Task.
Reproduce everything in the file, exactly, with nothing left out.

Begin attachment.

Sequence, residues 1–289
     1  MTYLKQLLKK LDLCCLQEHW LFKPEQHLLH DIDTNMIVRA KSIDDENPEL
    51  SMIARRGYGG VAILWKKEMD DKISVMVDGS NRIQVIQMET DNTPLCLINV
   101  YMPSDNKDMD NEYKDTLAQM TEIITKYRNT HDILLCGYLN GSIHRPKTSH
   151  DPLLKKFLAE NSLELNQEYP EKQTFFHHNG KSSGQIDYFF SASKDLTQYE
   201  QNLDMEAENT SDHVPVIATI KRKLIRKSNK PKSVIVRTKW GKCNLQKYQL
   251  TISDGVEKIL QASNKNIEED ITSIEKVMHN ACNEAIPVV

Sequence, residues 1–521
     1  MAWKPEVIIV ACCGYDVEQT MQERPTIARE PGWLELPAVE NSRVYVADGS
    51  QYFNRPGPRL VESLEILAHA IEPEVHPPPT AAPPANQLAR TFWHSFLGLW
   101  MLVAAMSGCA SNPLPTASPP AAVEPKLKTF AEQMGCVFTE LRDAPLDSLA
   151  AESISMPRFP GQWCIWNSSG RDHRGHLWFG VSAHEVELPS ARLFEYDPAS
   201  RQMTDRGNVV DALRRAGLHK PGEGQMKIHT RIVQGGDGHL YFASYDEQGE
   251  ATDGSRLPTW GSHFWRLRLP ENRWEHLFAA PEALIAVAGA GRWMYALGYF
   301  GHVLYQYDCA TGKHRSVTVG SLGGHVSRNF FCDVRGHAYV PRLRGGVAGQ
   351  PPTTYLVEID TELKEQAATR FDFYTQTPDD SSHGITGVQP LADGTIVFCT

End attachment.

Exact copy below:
Sequence, residues 1–289
     1  MTYLKQLLKK LDLCCLQEHW LFKPEQHLLH DIDTNMIVRA KSIDDENPEL
    51  SMIARRGYGG VAILWKKEMD DKISVMVDGS NRIQVIQMET DNTPLCLINV
   101  YMPSDNKDMD NEYKDTLAQM TEIITKYRNT HDILLCGYLN GSIHRPKTSH
   151  DPLLKKFLAE NSLELNQEYP EKQTFFHHNG KSSGQIDYFF SASKDLTQYE
   201  QNLDMEAENT SDHVPVIATI KRKLIRKSNK PKSVIVRTKW GKCNLQKYQL
   251  TISDGVEKIL QASNKNIEED ITSIEKVMHN ACNEAIPVV

Sequence, residues 1–521
     1  MAWKPEVIIV ACCGYDVEQT MQERPTIARE PGWLELPAVE NSRVYVADGS
    51  QYFNRPGPRL VESLEILAHA IEPEVHPPPT AAPPANQLAR TFWHSFLGLW
   101  MLVAAMSGCA SNPLPTASPP AAVEPKLKTF AEQMGCVFTE LRDAPLDSLA
   151  AESISMPRFP GQWCIWNSSG RDHRGHLWFG VSAHEVELPS ARLFEYDPAS
   201  RQMTDRGNVV DALRRAGLHK PGEGQMKIHT RIVQGGDGHL YFASYDEQGE
   251  ATDGSRLPTW GSHFWRLRLP ENRWEHLFAA PEALIAVAGA GRWMYALGYF
   301  GHVLYQYDCA TGKHRSVTVG SLGGHVSRNF FCDVRGHAYV PRLRGGVAGQ
   351  PPTTYLVEID TELKEQAATR FDFYTQTPDD SSHGITGVQP LADGTIVFCT